Although naturally occurring in the atmosphere, methane is hazardous in high concentrations. Widely used in industrial processes, heating and electricity generation, methane can become a severe hazard if accidental release, leaks, or transportation incidents occur. Knowing what methane is, as well as its health and safety risks, is critical.
What is Methane?
Methane, or methyl hydride, is a colourless, odourless gas which is lighter than air. In the atmosphere, the gas is transformed into water and carbon dioxide; it is also one of the most potent greenhouse gases.
Methane is naturally emitted from the decomposition of organic matter and digestive process of ruminant animals; other sources include fossil fuel extraction, landfill, industrial process, food production and mining. It is commonly referred to as marsh gas, as it occurs abundantly in wetlands.
CAS Number: 74-82-8
Chemical Compound: CH4
Other names: fire damp, marsh gas, biogas, methyl hydride, carbane
Molecular weight: 16.043 g/mol
Boiling point: -161°C
Melting point: -183°C
Relative vapour density (air = 1): 0.6
Auto-ignition temperature: 537°C
Safety Hazards of Methane
Methane hazards can occur during manufacture, use, and transportation. Although we inhale methane as we breathe, exposure to high concentrations of methane is dangerous.
Hazardous events occur due to accidents during transport, accidental releases at manufacturing facilities, and farming accidents. An in-depth emergency response plan and ongoing training are necessary to mitigate the risk of a crisis.
Methane occurs naturally in the atmosphere; however, it has not been shown to have adverse effects on human life at these concentration levels.
If levels rise, the risk also increases. Initially, individuals experience fatigue, dizziness and headaches, progressing to more severe symptoms of nausea, agitation and displaced speech. In high concentrations, methane deposes oxygen causing asphyxiation.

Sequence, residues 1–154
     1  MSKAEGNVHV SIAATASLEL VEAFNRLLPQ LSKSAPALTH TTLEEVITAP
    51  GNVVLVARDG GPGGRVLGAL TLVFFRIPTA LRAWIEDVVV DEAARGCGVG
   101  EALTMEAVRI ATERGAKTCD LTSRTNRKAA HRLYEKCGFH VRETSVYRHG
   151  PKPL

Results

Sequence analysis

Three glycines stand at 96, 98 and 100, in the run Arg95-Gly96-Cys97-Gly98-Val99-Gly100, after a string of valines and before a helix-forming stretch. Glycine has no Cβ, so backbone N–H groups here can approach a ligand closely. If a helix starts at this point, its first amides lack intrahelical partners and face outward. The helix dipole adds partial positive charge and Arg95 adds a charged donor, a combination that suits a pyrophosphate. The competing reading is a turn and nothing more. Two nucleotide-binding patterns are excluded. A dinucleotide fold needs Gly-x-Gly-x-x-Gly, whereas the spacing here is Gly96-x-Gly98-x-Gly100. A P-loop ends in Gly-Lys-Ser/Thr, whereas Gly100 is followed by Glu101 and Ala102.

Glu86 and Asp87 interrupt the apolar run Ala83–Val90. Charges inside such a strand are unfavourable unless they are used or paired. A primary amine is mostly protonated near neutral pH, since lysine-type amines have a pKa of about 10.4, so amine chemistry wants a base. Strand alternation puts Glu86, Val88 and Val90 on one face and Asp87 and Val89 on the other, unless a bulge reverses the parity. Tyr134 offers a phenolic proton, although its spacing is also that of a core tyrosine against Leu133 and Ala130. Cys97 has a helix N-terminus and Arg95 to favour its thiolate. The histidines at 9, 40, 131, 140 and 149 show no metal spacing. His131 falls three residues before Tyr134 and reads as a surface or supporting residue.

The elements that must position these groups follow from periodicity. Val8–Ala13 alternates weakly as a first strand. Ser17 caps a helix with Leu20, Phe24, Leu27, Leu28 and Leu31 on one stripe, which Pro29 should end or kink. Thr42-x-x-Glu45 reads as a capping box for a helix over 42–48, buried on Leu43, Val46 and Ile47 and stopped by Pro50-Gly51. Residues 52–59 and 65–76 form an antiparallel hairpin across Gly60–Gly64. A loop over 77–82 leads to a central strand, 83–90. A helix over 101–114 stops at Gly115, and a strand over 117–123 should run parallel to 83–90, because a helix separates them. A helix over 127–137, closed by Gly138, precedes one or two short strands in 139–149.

Currently, there are no specified occupational exposure limits for methane gas. The National Institute for Occupational Safety and Health’s (NIOSH) in the United States recommends a maximum of 1000 ppm (0.1%) during an eight hour work period.
Methane in Mining
Methane is recovered from mines due to two main reasons, safety and energy production. Coal reserves are available in almost every country worldwide; the most significant reserves are in the USA, Russia, China and India.
Coal Mine Methane (CMM) is a blend of air and methane released from rock strata due to mining activities. Methane trapped within a coal seam emerges in a mine after removing layers of a coal face. Additionally, the gas can seep out of vents from abandoned mines or appear after a rock collapse from a post-mining area.
Due to its volatile nature, methane poses an extreme working hazard, requiring effective removal from the ventilation system. In some cases, further subtraction occurs through a series of wells, boreholes and pipelines, forming a degasification system (drainage system). Ventilation systems move the Methane contaminated air away from areas where personnel are working and into the shafts directed towards the surface. This air is captured and utilised in gas engines rather than pumped into the atmosphere due to its high greenhouses gas effect.
How to Monitor Methane Levels
Methane gas monitors feature a non-dispersive infrared (NDIR) sensor. Measurement is based on the physical property that CH4 molecules absorb infrared light or particular wavelengths. By shining light through the target gas and using suitable optical filters, the light detector gives an output that is converted into a CH4 concentration value.
The Aura-FX Methane Monitor measures CH4 levels, ensuring it remains within a safe range. The sensor emits an initial warning signal at 1.1%, with an alarm sounding when levels reach 2.2%.
Methane Safety Regulation
NIOSH states, methane monitors are required by law to be mounted on machinery and throughout a mine to alert personnel of any increase in the gases levels while extracting coal.
Routine monitoring of methane is required at the working face of mine due to the higher propensity for ignition. Monitors are needed to provide alerts when levels exceed 1%. As levels can rise and fall rapidly, and personnel’s reaction times vary, there is a warning at 1% rather than the dangerous level of 5% to ensure an adequate and timely response.
The concentration of methane can occur away from the working face, which is often monitored less frequently. To ensure workers are continually protected, portable gas monitors need to be carried, reducing the risk to personnel moving across the site. The DMIRS specifically outlines maximum atmospheric levels of methane in the code of practice:
Numerous gases associated with mining, tunnelling and underground construction are generalised into combustible, toxic and asphyxiate types. Because of the hazardous nature of these gases and the unique and restrictive structure of underground environments, these gases must be continuously monitored to mitigate risk.